This week GitLab announced a pricing change that eliminates its Bronze/Starter tier in favor of a three-tier subscription model. The Starter tier, previously offered at $4/month, included features like single-team project management, next day business support, and 2,000 CI/CD minutes.

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GitLab’s updated pricing page shows the benefits that were included in the Starter plan are now only available in the Premium tier at a 5x price increase, introducing a larger gap between free accounts and paying customers. The change specifically impacts those who were happy to pay for a few extras but don’t need the full array of premium features.

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GitLab is offering to transition customers at a discount, where existing customers have the option to renew at the current price for an additional year or upgrade to Premium at a discount. The company also makes a case for the free tier, which it says includes 89% of the features in Bronze/Starter, with 450 new features added last year.

“The Bronze/Starter tier does not meet the hurdle rate that GitLab expects from a tier and is limiting us from investing to improve GitLab for all customers,” GitLab co-founder and CEO Sid Sijbrandij said. “Ending availability of the Bronze/Starter tier will help us accelerate development on customers’ priority needs such as improving usability, availability, performance, and delivering enterprise-grade security and compliance.”

It makes sense that GitLab is turning its attention to factors like “hurdle rate,” as Sijbrandij told CNBC that he’s still looking to take the company public after a late 2020 employee share sale, which valued the company at $6 billion. GitLab passed $150 million in annual recurring revenue in 2020, but is tightening up its subscription model as the company tailors commercial offerings for those who need DevOps features.

GitLab did not share the pricing update announcement on Twitter, perhaps in anticipation of how controversial it would be. The company posted the link in the GitLab forums where customers expressed disappointment in the change.

“We are currently paying Bronze level because there are some features that we find interesting,” Riccardo Padovani said. He specifically referenced issue weights, iterations, multiple issue assignees, and issue dependencies.

“These features are now in the premium level. We were not interested in the previous ‘silver’ level. On the long term, this is basically a 5 times price increase. Being a vocal supporter of GitLab in my company, I am not happy about this, at all.”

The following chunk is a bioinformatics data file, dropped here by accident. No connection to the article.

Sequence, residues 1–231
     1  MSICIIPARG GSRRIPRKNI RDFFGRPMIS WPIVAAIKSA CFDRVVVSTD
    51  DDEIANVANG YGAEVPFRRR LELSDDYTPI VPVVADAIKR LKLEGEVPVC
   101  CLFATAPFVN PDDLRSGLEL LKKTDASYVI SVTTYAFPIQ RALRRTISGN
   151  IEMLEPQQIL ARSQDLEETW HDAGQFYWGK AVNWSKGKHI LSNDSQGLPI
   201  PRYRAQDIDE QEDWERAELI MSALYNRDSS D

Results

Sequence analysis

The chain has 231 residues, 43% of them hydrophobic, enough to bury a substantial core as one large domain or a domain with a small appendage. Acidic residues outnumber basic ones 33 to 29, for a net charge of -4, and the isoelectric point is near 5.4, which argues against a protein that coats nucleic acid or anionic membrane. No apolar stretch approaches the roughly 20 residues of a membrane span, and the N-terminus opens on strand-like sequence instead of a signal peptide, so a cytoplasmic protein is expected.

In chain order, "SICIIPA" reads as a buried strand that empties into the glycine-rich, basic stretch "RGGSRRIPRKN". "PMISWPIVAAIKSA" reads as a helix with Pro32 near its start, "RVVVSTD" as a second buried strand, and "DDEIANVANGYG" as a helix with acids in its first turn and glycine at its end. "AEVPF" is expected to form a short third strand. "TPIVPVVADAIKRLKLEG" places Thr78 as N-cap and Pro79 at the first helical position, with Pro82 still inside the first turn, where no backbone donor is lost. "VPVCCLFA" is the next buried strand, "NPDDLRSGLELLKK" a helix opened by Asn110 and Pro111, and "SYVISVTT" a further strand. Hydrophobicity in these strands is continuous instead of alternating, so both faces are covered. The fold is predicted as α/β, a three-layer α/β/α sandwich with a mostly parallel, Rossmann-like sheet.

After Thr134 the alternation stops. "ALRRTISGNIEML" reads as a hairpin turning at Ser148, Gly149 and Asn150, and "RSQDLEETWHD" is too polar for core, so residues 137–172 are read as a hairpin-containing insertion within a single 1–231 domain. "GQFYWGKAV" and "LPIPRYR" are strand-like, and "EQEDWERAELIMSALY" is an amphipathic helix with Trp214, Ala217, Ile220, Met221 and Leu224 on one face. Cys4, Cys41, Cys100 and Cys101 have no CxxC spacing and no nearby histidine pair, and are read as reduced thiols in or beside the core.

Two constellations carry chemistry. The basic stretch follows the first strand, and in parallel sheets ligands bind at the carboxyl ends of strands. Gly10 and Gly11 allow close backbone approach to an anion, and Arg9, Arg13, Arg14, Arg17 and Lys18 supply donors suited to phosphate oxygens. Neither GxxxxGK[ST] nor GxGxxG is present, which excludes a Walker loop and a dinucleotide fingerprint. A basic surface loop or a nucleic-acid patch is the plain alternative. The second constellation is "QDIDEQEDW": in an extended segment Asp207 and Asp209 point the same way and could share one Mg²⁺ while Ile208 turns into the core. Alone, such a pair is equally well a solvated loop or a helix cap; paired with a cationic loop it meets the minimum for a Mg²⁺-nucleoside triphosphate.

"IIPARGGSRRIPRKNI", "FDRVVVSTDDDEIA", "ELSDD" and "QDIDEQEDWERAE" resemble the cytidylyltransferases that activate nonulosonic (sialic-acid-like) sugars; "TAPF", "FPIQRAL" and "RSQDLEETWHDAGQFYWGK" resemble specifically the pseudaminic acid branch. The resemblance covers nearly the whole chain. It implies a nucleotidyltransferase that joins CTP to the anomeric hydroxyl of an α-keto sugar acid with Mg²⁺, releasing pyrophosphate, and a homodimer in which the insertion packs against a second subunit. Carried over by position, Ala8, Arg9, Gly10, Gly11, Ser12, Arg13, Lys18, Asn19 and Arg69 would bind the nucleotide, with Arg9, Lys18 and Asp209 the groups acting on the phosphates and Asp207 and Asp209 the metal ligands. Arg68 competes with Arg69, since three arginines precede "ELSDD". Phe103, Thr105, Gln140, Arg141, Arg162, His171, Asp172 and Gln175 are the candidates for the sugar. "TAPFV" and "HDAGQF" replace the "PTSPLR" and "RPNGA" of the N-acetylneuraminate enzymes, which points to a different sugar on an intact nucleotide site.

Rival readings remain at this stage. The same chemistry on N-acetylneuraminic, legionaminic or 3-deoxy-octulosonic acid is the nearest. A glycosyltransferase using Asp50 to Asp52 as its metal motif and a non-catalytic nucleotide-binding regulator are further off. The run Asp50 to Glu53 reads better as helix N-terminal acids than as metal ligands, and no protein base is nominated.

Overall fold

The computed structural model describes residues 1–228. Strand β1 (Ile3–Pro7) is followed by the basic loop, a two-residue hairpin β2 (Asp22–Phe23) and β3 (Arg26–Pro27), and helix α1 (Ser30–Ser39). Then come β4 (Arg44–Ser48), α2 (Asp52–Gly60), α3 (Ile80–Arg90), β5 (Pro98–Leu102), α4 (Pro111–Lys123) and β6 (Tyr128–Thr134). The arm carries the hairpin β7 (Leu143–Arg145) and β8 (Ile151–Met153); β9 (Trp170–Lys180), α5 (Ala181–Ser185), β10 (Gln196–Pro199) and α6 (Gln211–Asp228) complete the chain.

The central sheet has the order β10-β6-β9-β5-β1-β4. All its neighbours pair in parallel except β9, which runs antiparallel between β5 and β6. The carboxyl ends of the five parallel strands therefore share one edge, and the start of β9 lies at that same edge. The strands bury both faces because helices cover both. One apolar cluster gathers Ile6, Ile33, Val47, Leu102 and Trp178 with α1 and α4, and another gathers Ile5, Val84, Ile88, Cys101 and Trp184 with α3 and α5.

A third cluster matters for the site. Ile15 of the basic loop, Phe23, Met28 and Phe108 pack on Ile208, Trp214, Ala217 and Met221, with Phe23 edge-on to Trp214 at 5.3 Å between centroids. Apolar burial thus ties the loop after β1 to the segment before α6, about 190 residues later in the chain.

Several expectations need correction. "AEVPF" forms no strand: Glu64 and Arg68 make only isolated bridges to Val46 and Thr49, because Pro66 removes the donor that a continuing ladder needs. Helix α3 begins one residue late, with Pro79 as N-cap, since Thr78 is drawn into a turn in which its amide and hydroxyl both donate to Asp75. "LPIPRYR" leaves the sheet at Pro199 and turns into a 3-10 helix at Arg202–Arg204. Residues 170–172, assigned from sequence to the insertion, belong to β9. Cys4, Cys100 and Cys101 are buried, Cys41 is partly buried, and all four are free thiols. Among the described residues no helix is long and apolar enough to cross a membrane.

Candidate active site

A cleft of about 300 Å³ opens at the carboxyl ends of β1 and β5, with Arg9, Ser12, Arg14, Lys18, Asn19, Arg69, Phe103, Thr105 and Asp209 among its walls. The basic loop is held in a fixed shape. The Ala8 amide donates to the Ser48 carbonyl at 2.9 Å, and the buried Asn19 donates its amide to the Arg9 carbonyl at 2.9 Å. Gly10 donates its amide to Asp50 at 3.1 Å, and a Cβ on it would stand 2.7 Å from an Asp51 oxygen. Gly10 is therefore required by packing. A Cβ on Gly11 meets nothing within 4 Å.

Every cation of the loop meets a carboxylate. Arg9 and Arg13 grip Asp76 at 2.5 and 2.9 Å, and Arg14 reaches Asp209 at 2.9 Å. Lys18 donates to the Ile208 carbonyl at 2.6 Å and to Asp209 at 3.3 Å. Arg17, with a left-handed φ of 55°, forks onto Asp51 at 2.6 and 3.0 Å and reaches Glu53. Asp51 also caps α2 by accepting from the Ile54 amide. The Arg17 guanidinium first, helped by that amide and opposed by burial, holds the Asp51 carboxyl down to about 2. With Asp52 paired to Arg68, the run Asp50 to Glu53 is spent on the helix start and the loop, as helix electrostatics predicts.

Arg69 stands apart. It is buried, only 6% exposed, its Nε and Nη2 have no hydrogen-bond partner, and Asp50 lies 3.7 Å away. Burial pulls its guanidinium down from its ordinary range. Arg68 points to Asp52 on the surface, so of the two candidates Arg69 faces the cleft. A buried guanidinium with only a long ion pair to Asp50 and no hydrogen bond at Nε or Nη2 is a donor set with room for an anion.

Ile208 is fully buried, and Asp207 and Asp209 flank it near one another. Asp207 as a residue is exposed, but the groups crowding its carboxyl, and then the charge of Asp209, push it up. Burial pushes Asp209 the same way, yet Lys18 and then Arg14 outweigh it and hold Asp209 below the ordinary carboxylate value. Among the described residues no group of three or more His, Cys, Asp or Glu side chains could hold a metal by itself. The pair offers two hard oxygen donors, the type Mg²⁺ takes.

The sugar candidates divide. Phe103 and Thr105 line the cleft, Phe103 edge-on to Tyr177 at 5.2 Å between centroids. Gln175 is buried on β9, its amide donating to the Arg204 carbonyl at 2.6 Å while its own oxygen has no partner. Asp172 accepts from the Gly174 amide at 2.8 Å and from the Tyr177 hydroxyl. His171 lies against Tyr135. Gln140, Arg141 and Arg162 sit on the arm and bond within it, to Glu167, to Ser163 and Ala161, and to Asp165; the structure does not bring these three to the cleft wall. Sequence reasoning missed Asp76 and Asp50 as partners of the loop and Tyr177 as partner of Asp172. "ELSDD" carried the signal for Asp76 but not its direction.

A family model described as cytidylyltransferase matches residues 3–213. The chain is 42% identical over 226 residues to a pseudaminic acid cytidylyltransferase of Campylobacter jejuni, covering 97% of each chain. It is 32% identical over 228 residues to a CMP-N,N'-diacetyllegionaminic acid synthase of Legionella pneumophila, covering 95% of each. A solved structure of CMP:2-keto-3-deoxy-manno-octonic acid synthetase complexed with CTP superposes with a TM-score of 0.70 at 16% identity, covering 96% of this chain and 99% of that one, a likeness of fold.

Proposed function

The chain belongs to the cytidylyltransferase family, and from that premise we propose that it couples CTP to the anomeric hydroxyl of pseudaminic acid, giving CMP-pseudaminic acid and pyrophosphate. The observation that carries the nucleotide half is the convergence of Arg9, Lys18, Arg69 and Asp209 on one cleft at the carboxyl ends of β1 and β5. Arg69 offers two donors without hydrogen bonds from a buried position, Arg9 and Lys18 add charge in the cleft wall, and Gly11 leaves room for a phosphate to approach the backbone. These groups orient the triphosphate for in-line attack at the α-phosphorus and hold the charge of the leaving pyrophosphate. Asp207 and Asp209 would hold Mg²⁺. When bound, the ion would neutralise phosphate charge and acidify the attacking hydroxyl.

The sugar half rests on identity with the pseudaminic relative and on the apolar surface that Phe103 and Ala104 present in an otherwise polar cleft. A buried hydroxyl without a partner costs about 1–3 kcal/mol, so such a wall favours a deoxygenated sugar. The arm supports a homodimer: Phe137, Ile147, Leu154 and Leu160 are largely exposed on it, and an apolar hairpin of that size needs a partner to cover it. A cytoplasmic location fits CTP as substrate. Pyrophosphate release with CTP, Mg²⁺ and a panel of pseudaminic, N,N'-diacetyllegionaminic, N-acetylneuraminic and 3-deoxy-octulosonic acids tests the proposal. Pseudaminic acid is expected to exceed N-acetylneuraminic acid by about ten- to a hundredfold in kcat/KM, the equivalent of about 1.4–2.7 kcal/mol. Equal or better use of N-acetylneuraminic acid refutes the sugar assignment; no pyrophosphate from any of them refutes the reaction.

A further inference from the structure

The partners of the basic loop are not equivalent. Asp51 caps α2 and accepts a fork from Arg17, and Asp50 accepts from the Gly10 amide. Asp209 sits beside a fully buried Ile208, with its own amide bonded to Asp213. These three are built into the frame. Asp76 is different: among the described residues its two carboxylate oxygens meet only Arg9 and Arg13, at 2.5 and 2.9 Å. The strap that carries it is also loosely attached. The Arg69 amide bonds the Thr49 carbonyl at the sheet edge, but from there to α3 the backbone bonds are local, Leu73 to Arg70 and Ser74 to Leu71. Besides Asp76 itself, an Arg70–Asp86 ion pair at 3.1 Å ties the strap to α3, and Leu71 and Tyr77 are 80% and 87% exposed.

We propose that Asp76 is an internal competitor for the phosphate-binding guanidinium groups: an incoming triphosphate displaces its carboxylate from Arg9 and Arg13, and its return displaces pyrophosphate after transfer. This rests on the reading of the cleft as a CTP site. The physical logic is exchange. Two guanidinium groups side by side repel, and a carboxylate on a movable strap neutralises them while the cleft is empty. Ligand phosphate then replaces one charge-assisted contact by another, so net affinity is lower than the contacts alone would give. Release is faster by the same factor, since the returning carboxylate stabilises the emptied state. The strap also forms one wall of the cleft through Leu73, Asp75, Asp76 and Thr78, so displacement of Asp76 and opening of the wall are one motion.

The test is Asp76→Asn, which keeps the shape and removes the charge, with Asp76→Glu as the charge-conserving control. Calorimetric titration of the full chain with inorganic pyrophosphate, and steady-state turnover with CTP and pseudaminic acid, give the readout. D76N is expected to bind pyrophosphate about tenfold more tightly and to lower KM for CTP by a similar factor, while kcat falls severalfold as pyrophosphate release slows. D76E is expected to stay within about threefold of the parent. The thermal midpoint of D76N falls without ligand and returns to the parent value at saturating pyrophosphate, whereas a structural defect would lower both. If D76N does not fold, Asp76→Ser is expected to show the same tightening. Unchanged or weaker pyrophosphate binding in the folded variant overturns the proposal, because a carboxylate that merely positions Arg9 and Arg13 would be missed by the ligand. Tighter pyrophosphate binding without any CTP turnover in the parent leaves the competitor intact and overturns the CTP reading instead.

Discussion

One customer said the change “feels like a bit of a kick in the teeth,” while another noted that GitLab’s mid-tier offering costs just one dollar less than GitHub’s enterprise plan. Many of GitLab’s existing Starter tier customers have a large number of users who are not developers and do not have access to code or pipeline features. They are supporting staff who check bug reports or project management teams that create issues. Without the ability to pay per user role, upgrading every seat in the team to Premium doesn’t make sense for these types of use cases.

Customers who had recently convinced their organizations to go with GitLab, along with those who have invested time developing processes around the Starter tier features, are some of the most vocal opponents to the change. Some found the announcement off-putting, as it made it seem like paying Starter plan customers were actually costing GitLab money, requiring the tier to be eliminated. Many expressed that they only signed up for the tier to support GitLab and that they only used a handful of the features.

“It’s worth pointing out that you say that ‘many Bronze/Starter customers adopted Gitlab just for source code management,’ – yes – that’s exactly what we use Gitlab for,” one customer said. “We don’t use CI, Issue Tracking, or any other features offered even in the free version, but we do want to have a couple of the SCM features offered in the Bronze/Starter tier. Do you really think that customers like us that are only looking for SCM are going to pay more for unnecessary features?”

The GitLab employees in the thread seemed ready to defend the decision against the onslaught of criticism. While a few said they will take customers’ concerns and feedback under consideration, most were prepared to assure critics that the decision was made “through extensive research,” which likely leaves those most affected further alienated, if the 5x cost increase didn’t already make the decision for them. Bronze/Starter tier customers who are still examining their options can find the various transition paths in the pricing change announcement.

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